Keeping your skin healthy
- Have a bath twice a day, especially if you live in tropical areas. Sweating predisposes a person to most infections.
- Use mild soaps and avoid over soaping.
- Include leafy vegetables in your daily diet. Vitamin A in the vegetables is good for your skin.
- Include carrots and beetroot in your diet. Betacarotene found in these vegetables is a natural sunscreen.
- Use a scarf in the afternoons. Liquids and lotions are not as good a sunscreen as a cloth.
- Aerobic exercises when done regularly help build immunity naturally against skin infections.
- In case of persistent and itchy rashes, approach your doctor at once.
- Avoid overeating, spicy food and irregular eating habits.
- Avoid using hard water for bathing.
- Avoid wearing tight fitting clothes, as occlusive clothes do not allow sweat to evaporate.
- Avoid late nights.
- Facial resurfacing (CO2 slash to peel): To remove pimple–scars and blackheads.
- Peeling : Chemical peels for superficial pigmentation.
- Cryotherapy or Micro–epiderm Abrasion: Treatment for superficial pigmentation and scars. Aluminium Hydroxide micro crystals are rubbed on the upper layer of skin. The cost of treatment depends on the skin area covered.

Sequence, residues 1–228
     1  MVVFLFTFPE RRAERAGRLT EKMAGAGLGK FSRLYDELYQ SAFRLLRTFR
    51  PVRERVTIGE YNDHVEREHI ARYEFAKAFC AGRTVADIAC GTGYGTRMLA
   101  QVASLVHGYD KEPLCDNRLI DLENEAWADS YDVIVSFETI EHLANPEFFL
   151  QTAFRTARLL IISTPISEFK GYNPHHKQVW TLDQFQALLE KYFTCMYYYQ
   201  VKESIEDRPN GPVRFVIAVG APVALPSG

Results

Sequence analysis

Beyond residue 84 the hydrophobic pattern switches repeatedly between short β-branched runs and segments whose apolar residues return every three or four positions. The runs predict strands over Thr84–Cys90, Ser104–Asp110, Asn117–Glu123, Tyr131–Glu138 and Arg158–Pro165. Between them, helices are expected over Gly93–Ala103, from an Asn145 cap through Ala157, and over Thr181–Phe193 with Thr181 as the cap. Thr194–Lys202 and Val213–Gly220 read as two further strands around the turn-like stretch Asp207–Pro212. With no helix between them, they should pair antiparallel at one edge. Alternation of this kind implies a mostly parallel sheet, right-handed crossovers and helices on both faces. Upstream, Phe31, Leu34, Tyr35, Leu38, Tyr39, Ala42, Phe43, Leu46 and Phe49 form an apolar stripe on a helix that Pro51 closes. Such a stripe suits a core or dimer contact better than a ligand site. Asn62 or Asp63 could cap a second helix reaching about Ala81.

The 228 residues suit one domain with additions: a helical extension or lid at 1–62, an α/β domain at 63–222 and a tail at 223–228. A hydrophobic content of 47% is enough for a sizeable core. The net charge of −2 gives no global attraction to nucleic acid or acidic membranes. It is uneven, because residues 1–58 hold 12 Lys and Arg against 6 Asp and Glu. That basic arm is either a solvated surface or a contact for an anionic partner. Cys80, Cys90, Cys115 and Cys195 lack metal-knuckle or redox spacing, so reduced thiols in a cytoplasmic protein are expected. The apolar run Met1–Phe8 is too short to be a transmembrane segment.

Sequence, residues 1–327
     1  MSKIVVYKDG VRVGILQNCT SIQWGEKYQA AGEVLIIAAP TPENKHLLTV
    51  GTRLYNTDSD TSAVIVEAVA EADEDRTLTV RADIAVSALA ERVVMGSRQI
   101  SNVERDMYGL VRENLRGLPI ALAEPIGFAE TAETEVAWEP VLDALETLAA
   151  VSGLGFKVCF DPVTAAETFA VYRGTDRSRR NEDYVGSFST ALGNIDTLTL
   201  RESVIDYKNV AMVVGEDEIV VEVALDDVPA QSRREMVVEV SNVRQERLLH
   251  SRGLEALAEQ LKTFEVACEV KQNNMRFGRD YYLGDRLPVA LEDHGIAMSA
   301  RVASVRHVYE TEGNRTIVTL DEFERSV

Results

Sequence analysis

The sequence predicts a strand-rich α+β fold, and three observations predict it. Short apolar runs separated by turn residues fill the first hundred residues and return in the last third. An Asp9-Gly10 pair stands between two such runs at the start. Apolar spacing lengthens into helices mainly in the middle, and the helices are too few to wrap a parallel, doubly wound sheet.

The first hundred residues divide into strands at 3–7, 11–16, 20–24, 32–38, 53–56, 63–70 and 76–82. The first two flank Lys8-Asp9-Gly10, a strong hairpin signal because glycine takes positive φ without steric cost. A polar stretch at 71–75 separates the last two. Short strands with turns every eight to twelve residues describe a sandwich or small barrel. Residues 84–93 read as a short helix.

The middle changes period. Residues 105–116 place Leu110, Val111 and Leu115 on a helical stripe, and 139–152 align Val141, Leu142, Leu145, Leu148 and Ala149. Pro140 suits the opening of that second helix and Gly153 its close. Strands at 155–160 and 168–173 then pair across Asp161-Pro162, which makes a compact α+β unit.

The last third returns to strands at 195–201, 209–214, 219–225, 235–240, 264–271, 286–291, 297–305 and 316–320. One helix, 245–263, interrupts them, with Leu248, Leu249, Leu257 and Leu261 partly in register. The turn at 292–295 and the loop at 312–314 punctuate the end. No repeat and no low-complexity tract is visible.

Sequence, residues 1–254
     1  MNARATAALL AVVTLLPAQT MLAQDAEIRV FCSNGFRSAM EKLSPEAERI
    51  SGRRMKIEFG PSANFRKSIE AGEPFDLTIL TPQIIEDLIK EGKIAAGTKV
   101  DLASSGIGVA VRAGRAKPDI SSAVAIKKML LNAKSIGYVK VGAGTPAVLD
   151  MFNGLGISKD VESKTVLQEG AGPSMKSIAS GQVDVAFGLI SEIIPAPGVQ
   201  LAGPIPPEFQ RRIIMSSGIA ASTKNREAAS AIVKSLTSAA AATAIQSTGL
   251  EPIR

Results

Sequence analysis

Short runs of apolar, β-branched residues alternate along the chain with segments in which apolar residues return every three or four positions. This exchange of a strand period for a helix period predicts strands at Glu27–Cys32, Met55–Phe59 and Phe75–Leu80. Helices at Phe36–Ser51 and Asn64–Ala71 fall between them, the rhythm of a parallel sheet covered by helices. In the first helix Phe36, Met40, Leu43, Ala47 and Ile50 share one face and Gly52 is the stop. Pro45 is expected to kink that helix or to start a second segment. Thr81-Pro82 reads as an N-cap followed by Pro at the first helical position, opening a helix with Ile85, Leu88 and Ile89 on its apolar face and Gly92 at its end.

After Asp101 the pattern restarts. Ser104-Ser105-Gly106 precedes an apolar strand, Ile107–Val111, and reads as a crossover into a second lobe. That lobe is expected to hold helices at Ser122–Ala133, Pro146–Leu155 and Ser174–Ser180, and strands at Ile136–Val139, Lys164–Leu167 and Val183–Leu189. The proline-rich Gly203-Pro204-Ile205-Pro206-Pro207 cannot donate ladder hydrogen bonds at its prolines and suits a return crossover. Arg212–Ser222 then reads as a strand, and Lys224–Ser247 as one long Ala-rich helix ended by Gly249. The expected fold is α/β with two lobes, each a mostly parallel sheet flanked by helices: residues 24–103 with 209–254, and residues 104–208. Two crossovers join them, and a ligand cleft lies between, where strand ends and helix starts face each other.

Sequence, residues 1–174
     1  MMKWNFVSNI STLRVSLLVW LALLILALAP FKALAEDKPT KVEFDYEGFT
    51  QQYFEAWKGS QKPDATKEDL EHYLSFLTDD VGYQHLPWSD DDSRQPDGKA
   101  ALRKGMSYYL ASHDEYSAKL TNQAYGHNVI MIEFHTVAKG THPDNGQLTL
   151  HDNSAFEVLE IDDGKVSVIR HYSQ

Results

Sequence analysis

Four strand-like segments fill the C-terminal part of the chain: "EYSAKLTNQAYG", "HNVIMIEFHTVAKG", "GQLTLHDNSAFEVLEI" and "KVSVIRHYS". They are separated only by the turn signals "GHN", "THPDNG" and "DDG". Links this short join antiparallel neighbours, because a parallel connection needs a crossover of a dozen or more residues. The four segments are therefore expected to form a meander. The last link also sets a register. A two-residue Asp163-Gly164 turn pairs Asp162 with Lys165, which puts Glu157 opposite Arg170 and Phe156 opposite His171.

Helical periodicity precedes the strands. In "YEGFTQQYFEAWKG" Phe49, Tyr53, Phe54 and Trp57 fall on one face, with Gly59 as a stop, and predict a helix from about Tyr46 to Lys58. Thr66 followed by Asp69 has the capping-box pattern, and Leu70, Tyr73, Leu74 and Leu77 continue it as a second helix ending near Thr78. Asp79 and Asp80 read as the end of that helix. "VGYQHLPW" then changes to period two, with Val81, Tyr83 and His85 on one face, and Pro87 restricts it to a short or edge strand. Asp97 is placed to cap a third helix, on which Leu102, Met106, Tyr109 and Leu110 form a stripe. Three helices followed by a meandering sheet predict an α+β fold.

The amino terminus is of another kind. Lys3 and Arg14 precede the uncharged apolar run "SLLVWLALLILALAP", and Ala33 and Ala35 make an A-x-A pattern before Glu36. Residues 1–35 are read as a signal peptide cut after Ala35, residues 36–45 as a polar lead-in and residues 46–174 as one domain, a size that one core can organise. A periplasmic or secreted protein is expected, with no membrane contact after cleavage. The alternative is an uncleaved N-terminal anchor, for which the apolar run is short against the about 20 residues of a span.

- Non–surgical face lift (like removal of double chin) and brace lift (on calves and thighs): To bring back the muscle tone in the area. Requires lifelong maintenance.
- Cosmetic surgery/laser surgery for skin aesthetics: To remove skin tags, freckles, moles, warts, wrinkles and disfigured skin after chicken pox.
- Surgical treatment by skin graft or micro–pigmentation: For removal of static resistant patches of vitiligo (patches of unpigmented skin) and leucoderma (white spots).
- Superficial X–ray: Therapy for chronic eczemas.
- Electrolysis: Removal of excess facial hair.
- Iontophonesis: For excessive sweating at palms, soles and armpits.